Re: Online Desktop, Tomboy, and user storage

On 8/9/07, Havoc Pennington <hp redhat com> wrote:
> Hi,
> Tomboy offers a concrete case study about the various ways to store
> stuff on the server and set up the data model in the app.

Conduit is already a case study in the common elements of
Synchronization over disparate services. Our data model has been
designed as such. It is a little lower level than what you are

The server should return a list of all the data.

Essentially, for each piece of data to be synchronized there must be
away to assign or associate a UID with that chunk of data. If possible
the server should provide methods to get the mtime and a hash of that
data without having to get the data itself.

Thats pretty much it, or at least allows Conduit to then work out
whats changed, been deleted, conflicts, etc. If the backend can
provide a GetDataThatsChanged(magicNumber) then it saves some
processing time, but this is not required, conduit can work without

> I considered three places to hook in the server side.
> 1) Application "model" API - Tomboy has a nice architecture with a
> NoteManager object that has methods like:
>     Note Create(string title);
>     Note Find(string title);
>     void Delete(Note note);
> So you could just replace NoteManager, which has some API that assumes
> local files right now, but that looks like it would be moderately easy
> to remove. We could call this a "model addin" or "storage addin"

I tried to raise this point in my previous email. I dont think putting
app specific logic on the server is all that scalable. I recognise
that tomboy is only a case study, and wanting the ability to edit and
view notes online necessitates a fair bit of server side code but to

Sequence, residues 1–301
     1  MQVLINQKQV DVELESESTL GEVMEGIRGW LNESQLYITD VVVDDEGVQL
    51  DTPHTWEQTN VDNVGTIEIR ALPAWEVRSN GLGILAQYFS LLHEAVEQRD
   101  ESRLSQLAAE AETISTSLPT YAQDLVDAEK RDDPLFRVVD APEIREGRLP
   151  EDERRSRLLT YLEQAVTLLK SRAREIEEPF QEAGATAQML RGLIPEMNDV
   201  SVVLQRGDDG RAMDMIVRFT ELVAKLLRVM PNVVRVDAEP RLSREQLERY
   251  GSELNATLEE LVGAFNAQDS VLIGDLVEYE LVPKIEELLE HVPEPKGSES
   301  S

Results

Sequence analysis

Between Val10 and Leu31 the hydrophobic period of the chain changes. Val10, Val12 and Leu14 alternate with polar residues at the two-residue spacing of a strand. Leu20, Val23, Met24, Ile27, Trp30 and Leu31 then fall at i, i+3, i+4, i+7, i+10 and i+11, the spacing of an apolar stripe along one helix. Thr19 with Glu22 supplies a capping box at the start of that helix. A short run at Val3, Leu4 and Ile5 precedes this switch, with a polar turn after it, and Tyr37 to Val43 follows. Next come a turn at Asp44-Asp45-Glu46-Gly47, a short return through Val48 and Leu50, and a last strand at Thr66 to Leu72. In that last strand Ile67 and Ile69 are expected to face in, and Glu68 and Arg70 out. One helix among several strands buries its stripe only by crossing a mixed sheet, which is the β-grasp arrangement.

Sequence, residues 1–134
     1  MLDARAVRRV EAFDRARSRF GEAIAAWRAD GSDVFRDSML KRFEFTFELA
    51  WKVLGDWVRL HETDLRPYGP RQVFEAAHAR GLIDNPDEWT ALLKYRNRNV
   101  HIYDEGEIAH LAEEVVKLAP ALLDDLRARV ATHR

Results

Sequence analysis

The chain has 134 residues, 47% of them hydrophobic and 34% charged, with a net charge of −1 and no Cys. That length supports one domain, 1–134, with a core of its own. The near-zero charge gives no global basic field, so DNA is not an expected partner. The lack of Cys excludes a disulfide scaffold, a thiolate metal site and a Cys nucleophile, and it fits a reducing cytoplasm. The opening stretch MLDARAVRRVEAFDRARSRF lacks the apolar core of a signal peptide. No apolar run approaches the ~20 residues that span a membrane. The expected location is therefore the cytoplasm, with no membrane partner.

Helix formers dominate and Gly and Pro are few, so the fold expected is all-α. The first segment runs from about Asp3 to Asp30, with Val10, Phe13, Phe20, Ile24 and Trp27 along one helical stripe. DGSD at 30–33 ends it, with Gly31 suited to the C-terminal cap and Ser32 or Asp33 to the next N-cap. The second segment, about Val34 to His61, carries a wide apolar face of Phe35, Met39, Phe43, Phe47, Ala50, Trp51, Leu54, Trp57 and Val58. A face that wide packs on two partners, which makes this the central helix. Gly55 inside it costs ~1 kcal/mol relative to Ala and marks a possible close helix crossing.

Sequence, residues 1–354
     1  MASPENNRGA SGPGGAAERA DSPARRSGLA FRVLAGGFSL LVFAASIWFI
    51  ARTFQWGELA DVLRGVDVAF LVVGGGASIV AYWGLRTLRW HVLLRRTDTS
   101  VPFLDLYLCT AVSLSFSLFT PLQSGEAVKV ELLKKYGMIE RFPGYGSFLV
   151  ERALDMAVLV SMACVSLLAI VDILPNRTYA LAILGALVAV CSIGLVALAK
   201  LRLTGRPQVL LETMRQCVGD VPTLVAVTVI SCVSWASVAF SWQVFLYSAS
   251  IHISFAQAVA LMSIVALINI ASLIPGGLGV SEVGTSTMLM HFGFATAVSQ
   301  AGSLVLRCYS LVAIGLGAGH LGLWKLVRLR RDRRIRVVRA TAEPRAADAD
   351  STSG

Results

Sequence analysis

have to implement this sort of thing for each "first class object" is

I would like it if you provided a lowest common denominator interface.
The ability to get a list of object, to put and get objects, and to
associate metadata with these objects. It happens that using WebDAV is
an already workable way to do this, but if thats not suitable for you
then something else would need to be written.

> 2) Sync addin API - in effect, this is "copy the app model to another
> app model" or "copy the app model from another app model," with some
> potential for a merge if both have changed. The addin interface has the
> methods to do that transactionally.
> 3) A data store for the existing filesystem-based sync addin, e.g. a
> WebDAV repository.

<snip tomboy sync architecture>

> Perhaps talking about where Conduit would be involved in this concrete
> Tomboy scenario would help figure out how Conduit relates (look at
> NoteManager.cs, Synchronization/SyncManager.cs:SyncServer,
> Synchronization/FileSystemSyncServer.cs for the code I've been talking
> about in this mail)

We are familiar with the Tomboy implementation, as we are familiar
with the Sync implementations and abstractions of other projects. Our
data model has allowed us to extract the commonalities and work with
many different resources.

Basically, we already have a bunch of App specific logic in conduit.
If you want to go and implement some more app specific stuff to get a
good tomboy experience then that is your choice.

However, if you are able to implement something simpler for our
benefit then at the launch we will be able to play
nicely immediately. Users will be able to use to sync
things, and you can take advantage of out app specific logic.

John S

> Havoc
> _______________________________________________
> desktop-devel-list mailing list
> desktop-devel-list gnome org

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